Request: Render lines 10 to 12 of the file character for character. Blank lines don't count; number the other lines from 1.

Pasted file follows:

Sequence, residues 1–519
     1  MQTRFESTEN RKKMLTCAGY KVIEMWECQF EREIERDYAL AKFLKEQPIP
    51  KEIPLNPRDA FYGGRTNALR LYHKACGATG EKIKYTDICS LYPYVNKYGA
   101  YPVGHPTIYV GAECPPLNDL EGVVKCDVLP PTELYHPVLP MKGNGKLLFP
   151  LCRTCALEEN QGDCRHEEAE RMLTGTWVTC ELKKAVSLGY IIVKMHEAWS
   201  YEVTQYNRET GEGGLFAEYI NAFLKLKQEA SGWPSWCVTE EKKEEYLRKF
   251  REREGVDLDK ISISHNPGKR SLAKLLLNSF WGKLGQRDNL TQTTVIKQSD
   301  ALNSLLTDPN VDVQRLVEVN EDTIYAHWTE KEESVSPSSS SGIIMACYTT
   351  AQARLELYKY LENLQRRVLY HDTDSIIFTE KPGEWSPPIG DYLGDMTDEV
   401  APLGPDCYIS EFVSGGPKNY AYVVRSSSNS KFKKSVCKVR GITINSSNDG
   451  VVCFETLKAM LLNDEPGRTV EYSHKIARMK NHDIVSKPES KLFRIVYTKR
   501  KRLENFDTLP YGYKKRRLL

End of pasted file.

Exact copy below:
   401  APLGPDCYIS EFVSGGPKNY AYVVRSSSNS KFKKSVCKVR GITINSSNDG
   451  VVCFETLKAM LLNDEPGRTV EYSHKIARMK NHDIVSKPES KLFRIVYTKR
   501  KRLENFDTLP YGYKKRRLL